Three's company as guitar wizards unite for magical gig
Trios of virtuoso guitarists are a rarity in jazz - partly, I suppose, because the individual egos involved are too big for any one of them to be content with an accompanist's role for a third of the time on stage.
There's a demand for them, however. People seem to like hearing the competitive streak brought out in fretboard masters, and summit meetings are occasionally held.
Herb Ellis, Barney Kessel and Charlie Byrd toured and recorded for a while as the Great Guitars, and there was no exaggeration in that name, although the night I saw them belonged to Joe Pass, who played superbly on his own as the support act.
In 1980, in a collaboration that has since been periodically renewed for concerts and recording projects, John McLaughlin, Paco DeLucia and Al DiMeola teamed up and made the acclaimed Friday Night in San Francisco - an album that, by jazz standards, shifted truckloads. People loved the sheer aggression of the playing.
Neither 1982's Passion, Grace and Fire nor 1996's The Guitar Trio from the same players proved quite as successful, perhaps because in the studio, without an audience baying for blood, they played more collaboratively than competitively.
DeLucia is a flamenco rather than a jazz player, of course, and there were also Brazilian elements on those albums, which is one reason I found myself thinking of them when I put on Guitar Sam Guk Ji by another trio of fast and furious pickers - Kazumi Watanabe, Jack Lee, and our own Eugene Pao - who call themselves Asian Super Guitar Project or ASGP. Although there are Asian elements in the music, much of it has a strong Latin influence.
We'll have an opportunity to hear this ensemble during the Hong Kong Arts Festival, on March 9 and 10 at the City Hall Concert Hall, with the great Malaysian drummer/percussionist Lewis Pragasam, who also appears on the album.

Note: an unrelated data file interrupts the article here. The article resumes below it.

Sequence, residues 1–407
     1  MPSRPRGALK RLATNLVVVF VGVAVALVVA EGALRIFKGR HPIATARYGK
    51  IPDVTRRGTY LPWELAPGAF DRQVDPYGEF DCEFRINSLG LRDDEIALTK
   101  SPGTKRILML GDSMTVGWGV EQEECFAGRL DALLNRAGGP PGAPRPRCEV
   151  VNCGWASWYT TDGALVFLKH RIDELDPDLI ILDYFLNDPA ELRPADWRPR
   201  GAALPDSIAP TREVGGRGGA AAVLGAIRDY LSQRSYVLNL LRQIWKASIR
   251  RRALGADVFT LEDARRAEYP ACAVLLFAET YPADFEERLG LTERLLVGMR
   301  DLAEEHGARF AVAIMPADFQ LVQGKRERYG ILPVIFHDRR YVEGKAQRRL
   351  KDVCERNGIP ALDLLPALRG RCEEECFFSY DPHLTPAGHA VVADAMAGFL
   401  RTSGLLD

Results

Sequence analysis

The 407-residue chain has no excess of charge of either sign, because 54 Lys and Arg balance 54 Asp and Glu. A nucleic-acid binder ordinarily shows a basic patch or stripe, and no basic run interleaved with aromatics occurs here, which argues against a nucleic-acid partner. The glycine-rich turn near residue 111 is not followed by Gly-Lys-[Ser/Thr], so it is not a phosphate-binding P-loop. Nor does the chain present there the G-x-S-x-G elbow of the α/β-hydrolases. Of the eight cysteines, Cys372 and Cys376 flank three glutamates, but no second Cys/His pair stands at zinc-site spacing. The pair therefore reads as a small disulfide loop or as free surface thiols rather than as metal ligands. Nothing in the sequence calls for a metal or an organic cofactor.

The first step towards this collaboration was taken in 1986 when the Live Under the Sky Japanese jazz festival first came to Hong Kong, at the Queen Elizabeth Stadium.
Pao was yet to become Hong Kong's jazz guitar hero nonpareil, and was just a little nervous when Watanabe, already a big name in Japan, asked him to guest on a tune.
Nevertheless, honours were very much equal and a friendship was forged.
Watanabe went on to make the two very successful Spice of Life albums with Bill Bruford and Jeff Berlin, and work more in the US, collaborating with many of the leading lights of fusion jazz and the jazzier areas of rock. For most of those projects he stuck to the electric guitar. Then, in the 1990s, he started to play more acoustically.
Pao also has become more inclined to use acoustic instruments - a cynic would say it's because he's getting older and mellower, but I suspect it's mostly because those guitars are much easier to amplify decently today. He plays electrically here on only one track, Waiting in Rain, composed by Jack Lee.
This is a three-nation project - or four if you count Pragasam - and Lee represents South Korea. The youngest member of the trio, at 40, he has also worked with some big American names, and with Brazilian guitarist and composer Toninho Horta.
Lee appears to be leading the ASGP project, which he says is a great opportunity to play with two guitarists he has admired for many years, but solo space and composition credits are allocated evenly. Pao, Lee and Watanabe contribute two originals apiece, with Horta's For the Children and Astor Piazzolla's Libertango completing the track listing. The ensemble passages are well arranged, and there are some real fireworks on Spanish Fried Rice - making its third appearance on CD and now something of a signature tune for Pao.
The musicians play reflectively on the two South American covers, with For the Children featuring some particularly subtle interaction within what Lee refers to as 'our intimate dialogues in the studio'.
Not much is allowed to get in the way of the guitars. Lee contributes some wordless vocals, but they're mixed well back, and Pragasam, who is capable of drumming with enormous force, adds only the subtlest of percussion parts.
It will certainly be worth hearing how they reinterpret the material live, and it's good to see the Arts Festival presenting a truly international Asian ensemble, which also features a local artist prominently.
Go to www.jazzworldcds.com if you're interested in a copy of the album.
On the subject of Hong Kong jazz guitarists, this column wishes bon voyage to Australian axeman Guy Le Claire, who is going home after a decade and a half of living mostly in Hong Kong and on the mainland. He has made a major contribution to the local live scene as soloist and sideman, as well as being involved in several worthwhile CD projects.